There are 90 car parks at Clifton Hill Station, and it is served by buses. There are trams not so far away. I estimate two-thirds of people walk to the station. (2000 users a day.) Let’s say 1500 of them could potentially access the station via the new gates I propose.

But smart public transport users know not all carriages are equally useful. Depending on what station you get off at, and where you’re headed, your train exit may be speeded up most by being at the front, back, or middle of the train.

If you come to Clifton Hill Station from the south, but you want to board the southbound train’s last carriages (and you’re not running late) it provides you no advantage to have an extra gate at the south end of the station.

But if you’re coming from the south and you want to be in the front carriages of that southbound train, you need to walk that distance twice. Once along the street outside the station, and then back again along the platform.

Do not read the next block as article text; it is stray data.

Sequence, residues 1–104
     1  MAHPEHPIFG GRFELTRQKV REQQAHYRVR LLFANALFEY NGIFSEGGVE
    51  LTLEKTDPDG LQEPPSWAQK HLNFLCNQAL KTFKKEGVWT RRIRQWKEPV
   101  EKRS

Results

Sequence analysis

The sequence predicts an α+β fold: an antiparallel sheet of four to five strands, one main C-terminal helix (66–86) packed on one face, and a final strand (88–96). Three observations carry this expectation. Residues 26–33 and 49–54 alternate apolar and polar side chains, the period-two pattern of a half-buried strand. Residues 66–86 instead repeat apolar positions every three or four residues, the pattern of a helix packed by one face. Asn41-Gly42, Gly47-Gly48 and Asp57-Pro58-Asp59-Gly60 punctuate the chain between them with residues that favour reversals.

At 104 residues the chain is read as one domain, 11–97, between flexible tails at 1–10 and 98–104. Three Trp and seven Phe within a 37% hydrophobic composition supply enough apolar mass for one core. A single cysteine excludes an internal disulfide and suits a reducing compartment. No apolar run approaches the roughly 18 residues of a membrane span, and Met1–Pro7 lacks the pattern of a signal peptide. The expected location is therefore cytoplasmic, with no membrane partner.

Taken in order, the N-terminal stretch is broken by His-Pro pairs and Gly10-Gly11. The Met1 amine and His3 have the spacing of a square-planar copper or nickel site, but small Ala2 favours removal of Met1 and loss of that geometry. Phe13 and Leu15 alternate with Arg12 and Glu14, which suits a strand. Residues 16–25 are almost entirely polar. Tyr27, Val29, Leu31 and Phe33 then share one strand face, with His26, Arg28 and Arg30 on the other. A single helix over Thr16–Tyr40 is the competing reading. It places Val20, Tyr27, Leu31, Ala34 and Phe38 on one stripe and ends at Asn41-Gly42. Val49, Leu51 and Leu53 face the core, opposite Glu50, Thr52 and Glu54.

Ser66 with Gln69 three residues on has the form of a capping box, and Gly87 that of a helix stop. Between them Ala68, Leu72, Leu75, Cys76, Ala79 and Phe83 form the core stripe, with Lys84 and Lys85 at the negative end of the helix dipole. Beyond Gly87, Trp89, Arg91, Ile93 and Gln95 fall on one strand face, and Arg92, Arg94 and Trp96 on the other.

Putting an entrance at each end of the platform, replacing a northern-end entrance
WALKING DISTANCE SAVED (m)
Southerners Middlers Northerners
front carriage riders 150 0 0
mid train riders 75 0 0
last carriage riders 0 0 0

12 per cent of the 2000 walkers will save a conservatively estimated 150 metres, or 90 seconds. 12 per cent of them will save an estimated 75 metres, or 45 seconds. That adds up to 563 minutes on access to the station. That makes 9.4 hours. If the same effect is present when they return home, it’s worth 18.8 hours.

The model does not assign any benefit to all the trains that may now *just* be caught when before they were just missed.

Assuming a value of time of $30 an hour, the value of the additional exits would be $146,000 a year, just measuring weekday trips. For a gap in the fence, a bit of concrete paving and some extra Myki machines, which I estimate to cost perhaps $500,000, it would pay itself off within a few years, yielding a positive rate of return.

You may think a minute here or there is not important, but there is no single change that can cut a train journey’s duration in half. If we want improvements to service we need the operators to accumulate small easy changes like this across the network.

Clifton Hill Station is not even the worst offender. Camberwell station has the entrance to two of its three platforms about 100 metres away from the main road it serves.

Camberwell station served 6,571 passengers each weekday in 2011-12